WSR Detailed LaserDisc Review

Elvis: That’s The Way It Is

Reviewed In Issue 27 Of Widescreen Review® Stars:
Elvis Presley

WSR Review Scores
Picture Rating: 2.5
Sound Rating: 2
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Reference Systems
Critics' Composite Score:
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DVD General Information
(Studio/Distributor): MGM
(Catalog Number): ML106350
(MPAA Rating): G
(Retail Price): $39.98
(Running Time In Minutes): 108
(Color Type): Color
(Chaptered/Scene Access): Yes
(Closed Captioned): No
(Theatrical Release): 1972
(LD Release Date):
(THX® Digitally Mastered): No

Credits Information
(Director): Denis Sanders
(Screenplay/Written By):
(Director Of Photography):
(Production Designer):
(Visual Effects):
(Costume Designer):
(Supervising Sound Editors):
(Re-Recording Mixers):
(Executive Producers):

DVD Picture Information
(Principal Photography):
(Theatrical Aspect Ratio): 2.35:1
(Measured LaserDisc Aspect Ratio): 2.35:1

DVD Sound Information
(DVD Soundtrack): Digital Sound Stereo
(Theatrical Sound): Mag Stereo
(Theatrical Re-Issue Soundtrack):
(Remastered Dolby Digital): No
(Remastered DTS Digital Surround): No
(Additional Languages):

WSR Narrative Review
Story Synopsis:
Elvis: That’s The Way It Is is the fascinating film about the man who created a new style and a new sound and became a dynamic rock sensation. Following his last film in 1969 (ironically titled Change Of Habit), Elvis Presley turned away from Hollywood and devoted his time to the one thing he loved best—his music. After an electrifying 57-show engagement in Las Vegas in the summer of 1969, Elvis repeated the success a mere six months later—with MGM’s cameras rolling from relaxed rehearsals to opening night. Twenty seven of the King’s most famous songs—including “I’ve Lost You,” “Love Me Tender,” “Sweet Caroline,” “Blue Suede Shoes,” “All Shook Up”—ignite this documentary, capturing Elvis in all his glory.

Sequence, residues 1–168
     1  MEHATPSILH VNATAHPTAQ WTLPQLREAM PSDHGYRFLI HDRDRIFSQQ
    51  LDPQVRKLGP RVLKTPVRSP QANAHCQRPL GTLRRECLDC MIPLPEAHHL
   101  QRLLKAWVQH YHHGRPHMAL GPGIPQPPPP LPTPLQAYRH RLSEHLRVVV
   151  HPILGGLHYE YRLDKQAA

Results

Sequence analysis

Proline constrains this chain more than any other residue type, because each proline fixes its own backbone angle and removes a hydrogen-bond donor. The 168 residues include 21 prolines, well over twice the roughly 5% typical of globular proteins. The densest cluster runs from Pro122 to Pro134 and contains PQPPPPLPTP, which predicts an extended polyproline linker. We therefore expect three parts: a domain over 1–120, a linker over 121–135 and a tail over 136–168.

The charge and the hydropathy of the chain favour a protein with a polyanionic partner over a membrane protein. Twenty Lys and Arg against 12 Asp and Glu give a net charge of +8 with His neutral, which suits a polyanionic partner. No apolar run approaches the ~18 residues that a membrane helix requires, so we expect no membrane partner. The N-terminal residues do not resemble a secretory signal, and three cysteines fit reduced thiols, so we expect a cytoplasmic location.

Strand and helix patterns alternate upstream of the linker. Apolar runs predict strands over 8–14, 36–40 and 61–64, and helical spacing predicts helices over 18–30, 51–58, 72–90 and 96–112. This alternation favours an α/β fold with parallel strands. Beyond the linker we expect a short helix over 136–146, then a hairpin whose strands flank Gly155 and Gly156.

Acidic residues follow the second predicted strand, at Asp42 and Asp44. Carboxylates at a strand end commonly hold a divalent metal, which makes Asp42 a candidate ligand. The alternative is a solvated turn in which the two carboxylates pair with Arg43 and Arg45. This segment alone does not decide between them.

LaserDisc Picture:
The picture is documentary in character and is consistent in quality throughout. In the component video output on the anamorphic widescreen DVD, picture quality exhibits dramatically subdued colors compared to the fully saturated colors on the LaserDisc. Images, however, are slightly sharper and more detailed. There is noticeably less chroma noise on the DVD, but both versions suffer from distracting artifacts throughout. The aspect ratio is 2.25:1 on the anamorphic DVD, while the letterbox and LaserDisc versions are framed at 2.35:1.

LaserDisc Soundtrack:
The soundtrack is poorly produced and presented. The DVD’s Dolby® Digital 2.0 soundtrack is phase-problematic with the two front channels sharing the monaural signal. Further, the producers put the same signal at a reduced level into the Dolby Digital surround channels. The LaserDisc PCM, while credited as stereo, also sounds bad with a contrived mix of instruments or background vocals thrown into the stereo channels. Overall, the sound is distorted on both versions and not particularly appealing as a listening experience.
(Surround Bass Below 50Hz): No
(Aggressive System Surround): No
(Intense 25Hz Bass): No
(Deep Bass Challenging): No
(Aggressive 0.1 LFE):
(Holosonic Soundfield): No
(Aggressive Split Surround): No
(Center Back Surround Imaging): No
(Directionalized Dialogue): No
Superb Sound Effects Recording Quality:
Superb Music Score Recording Quality:
Superb Special Visual Effects Quality:
Superb Color Fidelity:
Superb Cinematography:
Reference LaserDisc:
Collector Edition: